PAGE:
Among the many lessons of the coronvirus, people around the world have gained a new appreciation for the interconnectedness between humankind and the other species we share the planet with. It’s a lesson that makes the latest design ideas competition from LA+, the interdiscplinary journal of landscape architecture at the Weitzman School, all the more compelling.
Launched in August to engage designers with issues of biodiversity and climate change, LA+ CREATURE asked designers to take a non-human animal as a client, and to work on its behalf. They were invited to choose an animal species of any size, anywhere in the world, and design a “place, structure, thing, system, and/or process” that improves that creature’s life. The entries must also generate greater awareness and empathy among humans for the creature-client’s existence. The theme of the competition was selected for two reasons, says Richard Weller, the Martin and Margy Meyerson Chair of Urbanism and professor and chair of landscape architecture, who is serving as a non-voting jury chair for the competition.
“We’re in the midst of the sixth extinction, so something is awfully wrong between humans and animals, right up to a planetary scale,” says Weller, who is also co-executive director of The Ian L. McHarg Center for Urbanism and Ecology. “And also academically, there’s been a turn in the humanities to look at the animal as a subject of research and scholarship.”
The competition is the journal’s third. The first, LA+ IMAGINATION, asked designers to create a new island, and the second, LA+ ICONOCLAST, challenged entrants to redesign New York’s Central Park, one of the world’s most iconic works of landscape architecture.
“If you look at all three of these competitions, they’re kind of fun, interesting, provocative, and not too hard to enter,” Weller says. “So they’re big on thought and fairly light on production. We enlist judges who are capable of holding discerning conversations about the results, and so the competition becomes a catalyst for a larger cultural moment.”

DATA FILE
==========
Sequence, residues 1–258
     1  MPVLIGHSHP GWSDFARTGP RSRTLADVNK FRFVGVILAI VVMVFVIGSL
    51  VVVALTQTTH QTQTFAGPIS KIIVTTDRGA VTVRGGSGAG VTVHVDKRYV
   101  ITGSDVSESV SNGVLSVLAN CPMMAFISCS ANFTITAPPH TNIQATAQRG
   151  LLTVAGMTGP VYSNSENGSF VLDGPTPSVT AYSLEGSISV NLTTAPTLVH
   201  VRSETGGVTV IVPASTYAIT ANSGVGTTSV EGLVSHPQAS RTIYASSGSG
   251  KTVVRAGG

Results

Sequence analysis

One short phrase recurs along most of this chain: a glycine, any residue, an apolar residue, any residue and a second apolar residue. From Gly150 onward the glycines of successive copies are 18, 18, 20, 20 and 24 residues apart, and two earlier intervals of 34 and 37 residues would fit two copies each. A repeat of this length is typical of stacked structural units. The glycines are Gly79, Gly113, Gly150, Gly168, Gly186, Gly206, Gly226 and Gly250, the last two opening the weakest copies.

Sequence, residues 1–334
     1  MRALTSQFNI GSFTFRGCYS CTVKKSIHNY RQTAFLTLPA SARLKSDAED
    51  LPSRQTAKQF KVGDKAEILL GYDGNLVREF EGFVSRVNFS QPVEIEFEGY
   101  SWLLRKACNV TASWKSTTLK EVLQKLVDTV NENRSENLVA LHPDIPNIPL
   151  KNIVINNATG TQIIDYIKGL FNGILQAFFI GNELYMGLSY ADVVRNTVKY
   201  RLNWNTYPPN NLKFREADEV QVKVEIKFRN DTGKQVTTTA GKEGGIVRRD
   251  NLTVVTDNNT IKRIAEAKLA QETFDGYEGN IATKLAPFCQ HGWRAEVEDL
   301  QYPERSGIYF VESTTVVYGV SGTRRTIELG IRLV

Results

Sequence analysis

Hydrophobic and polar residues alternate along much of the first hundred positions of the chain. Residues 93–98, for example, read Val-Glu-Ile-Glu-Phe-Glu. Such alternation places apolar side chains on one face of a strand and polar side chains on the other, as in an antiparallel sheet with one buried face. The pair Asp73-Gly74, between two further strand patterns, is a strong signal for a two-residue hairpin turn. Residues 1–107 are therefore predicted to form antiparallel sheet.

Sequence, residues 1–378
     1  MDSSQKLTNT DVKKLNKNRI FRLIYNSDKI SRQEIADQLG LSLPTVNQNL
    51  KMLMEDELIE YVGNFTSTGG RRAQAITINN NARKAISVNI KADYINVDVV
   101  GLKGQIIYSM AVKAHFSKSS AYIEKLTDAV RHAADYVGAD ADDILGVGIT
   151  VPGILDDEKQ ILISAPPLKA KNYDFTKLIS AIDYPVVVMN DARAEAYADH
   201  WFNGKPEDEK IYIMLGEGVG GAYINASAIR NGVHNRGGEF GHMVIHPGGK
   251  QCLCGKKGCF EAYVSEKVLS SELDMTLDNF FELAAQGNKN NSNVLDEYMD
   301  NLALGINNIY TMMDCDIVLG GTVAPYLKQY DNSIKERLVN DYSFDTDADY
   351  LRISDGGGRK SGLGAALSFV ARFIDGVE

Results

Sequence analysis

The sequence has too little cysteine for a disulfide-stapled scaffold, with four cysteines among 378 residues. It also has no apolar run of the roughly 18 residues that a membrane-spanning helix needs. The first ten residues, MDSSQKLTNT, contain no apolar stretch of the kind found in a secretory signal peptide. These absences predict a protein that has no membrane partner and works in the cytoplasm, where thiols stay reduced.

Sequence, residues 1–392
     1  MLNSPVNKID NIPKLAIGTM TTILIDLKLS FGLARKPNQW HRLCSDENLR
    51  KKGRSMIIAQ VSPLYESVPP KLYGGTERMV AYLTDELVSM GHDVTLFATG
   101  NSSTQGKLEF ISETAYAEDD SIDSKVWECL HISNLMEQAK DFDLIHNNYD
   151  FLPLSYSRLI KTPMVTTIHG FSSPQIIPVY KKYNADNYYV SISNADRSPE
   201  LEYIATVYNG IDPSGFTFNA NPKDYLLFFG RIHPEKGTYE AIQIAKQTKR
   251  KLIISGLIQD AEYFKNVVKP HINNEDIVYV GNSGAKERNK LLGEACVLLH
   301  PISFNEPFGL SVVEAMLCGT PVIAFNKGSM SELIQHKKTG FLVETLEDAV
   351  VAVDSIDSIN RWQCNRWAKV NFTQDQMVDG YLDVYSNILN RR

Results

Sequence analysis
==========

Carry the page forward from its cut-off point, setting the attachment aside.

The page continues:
Judging by the number of entries, CREATURE is the most successful competition yet. As of the October 20 submission deadline, the competition received 258 entries from 470 entrants in 31 countries. Of those entries, Weller says, 68 designs were focused on invertebrates, with a particular emphasis on bees and butterflies. Of the entries focused on vertebrates, many represented designs for bats and birds. Other designs focused on great apes, livestock animals, frogs, horseshoe crabs, a companion animal — even mushrooms, a taxonomically ambiguous category that’s closer to animals than plants. (This year’s competition strictly excluded plants, but Weller says the journal is likely to hold a plant-focused competition in the future.)
According to Weller, entries have tended to fall into one of a few categories, from designs that were focused on creating ideal ecological conditions for creatures to thrive, to those that emphasized tech innovation in response to environmental threats to creatures. A few entries, like those designed around maggots or vermin, were intended to “unsettle the human viewer,” Weller says.
Jury members began reviewing the submissions in early November. There are some concrete ways to measure how a design might improve a certain species’s existence, Weller says, but the competition is also focused on bolstering human empathy, an intangible quality that will require the judges to weigh different perspectives.
The majority of entrants are landscape-architecture students from around the world, according to Weller. Five winning entries, to be announced on December 8, will split $10,000 in prize money and be published, along with 10 honorable mentions, in the fall 2021 issue of LA+.
“Design competitions are a way of transcending rank,” Weller says. “You can win a competition and get your name out there. It elevates you fairly quickly. You get published. So it’s a good thing for students to engage with, and during COVID it seemed like a lot of them really took to it.”